In 2003, the Pentagon and American intelligence agencies made plans for a cyberattack to freeze billions of dollars in the bank accounts of Saddam Hussein and cripple his government’s financial system before the United States invaded Iraq. He would have no money for war supplies. No money to pay troops.They don't ever describe in the story how exactly that would occur... given that much of the money is presumably stored in international banks, that would obviously cause some collateral impacts deemed to be "undesirable". But maybe they were Iraqi-only banks, or just disruptions to the bank connection, or modifications of amounts/compromising the accounts to drain them. Lots of options, not enough detail unfortunately. They did have some other interesting Cyber-warfare news to report though:
“We knew we could pull it off — we had the tools,” said one senior official who worked at the Pentagon when the highly classified plan was developed.But the attack never got the green light. Bush administration officials worried that the effects would not be limited to Iraq but would instead create worldwide financial havoc, spreading across the Middle East to Europe and perhaps to the United States.
I am always a bit incredulous reading about classified stories in the press. Either they are making them out to be more then they are, or people should be facing jail time and getting in trouble... Certainly it wouldn't be the first time that a reporter made something sound more secretive then it really is, but if it really is I'd like to know why people with clearances are sharing it and nothing happens.
Although the digital attack on Iraq’s financial system was not carried out, the American military and its partners in the intelligence agencies did receive approval to cripple Iraq’s military and government communications systems in the early hours of the war in 2003. And that attack did produce collateral damage.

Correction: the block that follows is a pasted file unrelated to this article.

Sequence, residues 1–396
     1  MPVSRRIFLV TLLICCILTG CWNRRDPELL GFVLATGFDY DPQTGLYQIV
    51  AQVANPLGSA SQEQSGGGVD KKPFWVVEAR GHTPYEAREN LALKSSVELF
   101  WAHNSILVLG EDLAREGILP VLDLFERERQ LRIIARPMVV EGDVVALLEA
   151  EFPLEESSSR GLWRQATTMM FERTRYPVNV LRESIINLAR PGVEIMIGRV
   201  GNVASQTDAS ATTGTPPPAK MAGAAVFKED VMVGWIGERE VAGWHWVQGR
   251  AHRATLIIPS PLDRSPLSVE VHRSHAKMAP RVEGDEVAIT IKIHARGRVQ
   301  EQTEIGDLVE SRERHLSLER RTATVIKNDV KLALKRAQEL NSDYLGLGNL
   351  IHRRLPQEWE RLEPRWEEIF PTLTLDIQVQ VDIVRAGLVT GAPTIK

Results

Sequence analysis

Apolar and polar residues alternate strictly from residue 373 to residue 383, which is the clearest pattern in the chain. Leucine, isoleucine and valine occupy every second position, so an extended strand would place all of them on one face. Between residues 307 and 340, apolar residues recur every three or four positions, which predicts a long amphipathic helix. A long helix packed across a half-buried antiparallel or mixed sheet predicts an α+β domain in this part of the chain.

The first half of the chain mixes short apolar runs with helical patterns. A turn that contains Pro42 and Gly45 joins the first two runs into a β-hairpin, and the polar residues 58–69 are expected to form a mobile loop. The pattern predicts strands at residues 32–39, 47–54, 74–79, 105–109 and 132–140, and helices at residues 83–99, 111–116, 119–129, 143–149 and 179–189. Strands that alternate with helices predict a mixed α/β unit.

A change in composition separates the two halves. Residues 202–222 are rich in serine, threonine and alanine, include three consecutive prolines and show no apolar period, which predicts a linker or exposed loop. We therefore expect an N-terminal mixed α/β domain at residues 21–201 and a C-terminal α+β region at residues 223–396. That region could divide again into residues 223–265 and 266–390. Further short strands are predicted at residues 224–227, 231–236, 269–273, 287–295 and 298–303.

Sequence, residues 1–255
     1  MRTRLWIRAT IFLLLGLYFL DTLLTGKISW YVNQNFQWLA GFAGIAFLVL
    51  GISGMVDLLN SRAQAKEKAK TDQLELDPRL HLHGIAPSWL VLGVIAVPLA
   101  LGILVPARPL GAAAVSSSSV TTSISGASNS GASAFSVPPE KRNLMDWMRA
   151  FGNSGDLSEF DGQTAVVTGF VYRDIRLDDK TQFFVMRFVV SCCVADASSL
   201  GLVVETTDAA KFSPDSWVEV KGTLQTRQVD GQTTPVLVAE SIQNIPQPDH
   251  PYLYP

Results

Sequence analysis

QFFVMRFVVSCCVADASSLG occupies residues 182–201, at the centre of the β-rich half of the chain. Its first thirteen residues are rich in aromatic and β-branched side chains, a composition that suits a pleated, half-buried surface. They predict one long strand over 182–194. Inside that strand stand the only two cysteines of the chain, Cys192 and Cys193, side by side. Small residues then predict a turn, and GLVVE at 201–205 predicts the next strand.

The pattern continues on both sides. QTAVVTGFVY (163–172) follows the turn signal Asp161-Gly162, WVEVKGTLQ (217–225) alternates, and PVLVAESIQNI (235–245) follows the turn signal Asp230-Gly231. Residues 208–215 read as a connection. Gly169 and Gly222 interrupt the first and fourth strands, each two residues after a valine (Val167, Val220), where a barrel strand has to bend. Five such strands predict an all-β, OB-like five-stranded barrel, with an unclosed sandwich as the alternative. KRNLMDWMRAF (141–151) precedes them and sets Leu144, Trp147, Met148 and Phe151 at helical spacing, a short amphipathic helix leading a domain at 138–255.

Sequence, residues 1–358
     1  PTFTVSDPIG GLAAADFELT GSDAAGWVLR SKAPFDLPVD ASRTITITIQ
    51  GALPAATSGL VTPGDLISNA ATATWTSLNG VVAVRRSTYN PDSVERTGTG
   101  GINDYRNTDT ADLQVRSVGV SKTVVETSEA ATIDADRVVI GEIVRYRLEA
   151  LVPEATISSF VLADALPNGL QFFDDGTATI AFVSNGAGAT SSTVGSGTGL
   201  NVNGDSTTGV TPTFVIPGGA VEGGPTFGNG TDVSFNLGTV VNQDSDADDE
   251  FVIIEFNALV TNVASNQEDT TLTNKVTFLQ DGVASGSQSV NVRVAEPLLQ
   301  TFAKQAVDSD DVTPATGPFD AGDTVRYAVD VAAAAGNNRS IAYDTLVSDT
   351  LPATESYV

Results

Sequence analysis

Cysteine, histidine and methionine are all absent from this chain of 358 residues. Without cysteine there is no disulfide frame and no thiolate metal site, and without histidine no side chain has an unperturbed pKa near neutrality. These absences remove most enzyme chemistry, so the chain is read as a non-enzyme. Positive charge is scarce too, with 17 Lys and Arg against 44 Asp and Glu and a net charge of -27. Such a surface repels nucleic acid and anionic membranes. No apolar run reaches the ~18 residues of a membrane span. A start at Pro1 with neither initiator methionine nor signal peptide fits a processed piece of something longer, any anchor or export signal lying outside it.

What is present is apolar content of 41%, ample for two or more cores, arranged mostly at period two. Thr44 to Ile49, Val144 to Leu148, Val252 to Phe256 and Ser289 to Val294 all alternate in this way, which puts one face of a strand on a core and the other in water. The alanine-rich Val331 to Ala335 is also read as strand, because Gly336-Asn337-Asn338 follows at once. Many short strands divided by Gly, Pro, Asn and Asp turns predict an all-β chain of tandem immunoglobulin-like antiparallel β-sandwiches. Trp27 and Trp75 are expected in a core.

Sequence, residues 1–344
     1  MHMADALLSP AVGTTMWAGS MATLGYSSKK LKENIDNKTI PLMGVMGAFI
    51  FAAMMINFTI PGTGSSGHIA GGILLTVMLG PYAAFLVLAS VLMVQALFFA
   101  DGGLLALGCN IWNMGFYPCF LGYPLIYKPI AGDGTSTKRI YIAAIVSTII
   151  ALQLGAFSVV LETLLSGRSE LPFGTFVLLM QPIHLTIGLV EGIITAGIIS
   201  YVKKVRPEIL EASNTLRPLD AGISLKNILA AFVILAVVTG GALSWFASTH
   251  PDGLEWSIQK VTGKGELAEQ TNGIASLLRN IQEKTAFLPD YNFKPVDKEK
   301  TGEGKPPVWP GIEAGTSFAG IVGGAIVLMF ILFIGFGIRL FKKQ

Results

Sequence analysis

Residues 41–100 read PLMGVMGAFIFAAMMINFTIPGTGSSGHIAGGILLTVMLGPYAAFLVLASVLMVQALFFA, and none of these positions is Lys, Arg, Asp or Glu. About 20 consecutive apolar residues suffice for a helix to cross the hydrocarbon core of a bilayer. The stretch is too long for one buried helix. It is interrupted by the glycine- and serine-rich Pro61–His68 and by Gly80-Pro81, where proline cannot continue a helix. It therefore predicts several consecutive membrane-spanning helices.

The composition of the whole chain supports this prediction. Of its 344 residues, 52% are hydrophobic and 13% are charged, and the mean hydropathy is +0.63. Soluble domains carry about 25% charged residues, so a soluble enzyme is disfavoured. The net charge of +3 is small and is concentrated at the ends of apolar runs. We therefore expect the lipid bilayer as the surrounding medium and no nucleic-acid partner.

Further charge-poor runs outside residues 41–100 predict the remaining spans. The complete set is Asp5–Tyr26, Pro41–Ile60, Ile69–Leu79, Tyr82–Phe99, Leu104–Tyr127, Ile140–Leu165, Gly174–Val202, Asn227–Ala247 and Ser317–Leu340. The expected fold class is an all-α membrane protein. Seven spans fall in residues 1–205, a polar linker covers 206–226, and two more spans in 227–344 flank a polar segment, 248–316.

Besides blowing up cellphone towers and communications grids, the offensive included electronic jamming and digital attacks against Iraq’s telephone networks. American officials also contacted international communications companies that provided satellite phone and cellphone coverage to Iraq to alert them to possible jamming and to ask their assistance in turning off certain channels.
Officials now acknowledge that the communications offensive temporarily disrupted telephone service in countries around Iraq that shared its cellphone and satellite telephone systems. That limited damage was deemed acceptable by the Bush administration.
Another such event took place in the late 1990s, according to a former military researcher. The American military attacked a Serbian telecommunications network and accidentally affected the Intelsat satellite communications system, whose service was hampered for several days.These missions, which remain highly classified, are being scrutinized today as the Obama administration and the Pentagon move into new arenas of cyberoperations. Few details have been reported previously; mention of the proposal for a digital offensive against Iraq’s financial and banking systems appeared with little notice on Newsmax.com, a news Web site, in 2003.
Anyway, all of this is coming to light while Obama is still ingesting the recently completed 60-day cyber-review and unable to find a cyber-security "czar" (multiple reports coming out that dozens of people have been interviewed with multiple offers being made, all declined so far).
Melissa Hathaway resigned on August 3rd, saying in the Washington Post that
"I wasn't willing to continue to wait any longer, because I'm not empowered right now to continue to drive the change," she said. "I've concluded that I can do more now from a different role," most likely in the private sector.
Hathaway noted that it has been two months since President Obama made a highly acclaimed speech on the importance of cybersecurity and pledged to "personally" select a cybersecurity coordinator. A colleague close to Hathaway said she had become dismayed by the delay in the appointment. The colleague, who spoke on condition of anonymity, added that Hathaway had "the sense that this was very political, that she has been too closely tied to the Bush administration."